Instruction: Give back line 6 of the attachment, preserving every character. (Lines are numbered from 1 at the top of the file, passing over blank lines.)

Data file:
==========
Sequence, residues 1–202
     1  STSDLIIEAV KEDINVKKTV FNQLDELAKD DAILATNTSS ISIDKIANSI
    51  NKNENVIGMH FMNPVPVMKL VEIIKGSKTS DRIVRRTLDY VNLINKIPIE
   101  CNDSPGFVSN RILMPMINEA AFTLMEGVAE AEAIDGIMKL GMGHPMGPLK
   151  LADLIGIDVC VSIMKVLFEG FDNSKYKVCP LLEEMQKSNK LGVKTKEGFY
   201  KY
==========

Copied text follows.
   201  KY